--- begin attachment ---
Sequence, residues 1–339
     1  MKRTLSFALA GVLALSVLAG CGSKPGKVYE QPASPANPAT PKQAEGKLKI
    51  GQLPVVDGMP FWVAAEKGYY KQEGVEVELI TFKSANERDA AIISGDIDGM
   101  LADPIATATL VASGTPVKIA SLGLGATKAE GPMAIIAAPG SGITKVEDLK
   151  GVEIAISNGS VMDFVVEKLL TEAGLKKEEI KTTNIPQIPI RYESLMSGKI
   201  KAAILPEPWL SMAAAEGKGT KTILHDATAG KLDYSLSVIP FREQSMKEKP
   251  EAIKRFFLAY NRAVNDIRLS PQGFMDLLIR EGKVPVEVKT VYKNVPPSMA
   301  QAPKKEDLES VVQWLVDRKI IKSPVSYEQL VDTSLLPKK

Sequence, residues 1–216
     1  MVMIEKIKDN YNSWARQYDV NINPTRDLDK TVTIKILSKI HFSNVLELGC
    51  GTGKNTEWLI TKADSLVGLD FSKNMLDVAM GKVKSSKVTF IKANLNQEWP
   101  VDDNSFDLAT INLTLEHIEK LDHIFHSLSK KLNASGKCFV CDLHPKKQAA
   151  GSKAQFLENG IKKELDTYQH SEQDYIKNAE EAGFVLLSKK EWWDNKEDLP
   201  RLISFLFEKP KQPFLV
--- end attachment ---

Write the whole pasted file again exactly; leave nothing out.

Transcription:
Sequence, residues 1–339
     1  MKRTLSFALA GVLALSVLAG CGSKPGKVYE QPASPANPAT PKQAEGKLKI
    51  GQLPVVDGMP FWVAAEKGYY KQEGVEVELI TFKSANERDA AIISGDIDGM
   101  LADPIATATL VASGTPVKIA SLGLGATKAE GPMAIIAAPG SGITKVEDLK
   151  GVEIAISNGS VMDFVVEKLL TEAGLKKEEI KTTNIPQIPI RYESLMSGKI
   201  KAAILPEPWL SMAAAEGKGT KTILHDATAG KLDYSLSVIP FREQSMKEKP
   251  EAIKRFFLAY NRAVNDIRLS PQGFMDLLIR EGKVPVEVKT VYKNVPPSMA
   301  QAPKKEDLES VVQWLVDRKI IKSPVSYEQL VDTSLLPKK

Sequence, residues 1–216
     1  MVMIEKIKDN YNSWARQYDV NINPTRDLDK TVTIKILSKI HFSNVLELGC
    51  GTGKNTEWLI TKADSLVGLD FSKNMLDVAM GKVKSSKVTF IKANLNQEWP
   101  VDDNSFDLAT INLTLEHIEK LDHIFHSLSK KLNASGKCFV CDLHPKKQAA
   151  GSKAQFLENG IKKELDTYQH SEQDYIKNAE EAGFVLLSKK EWWDNKEDLP
   201  RLISFLFEKP KQPFLV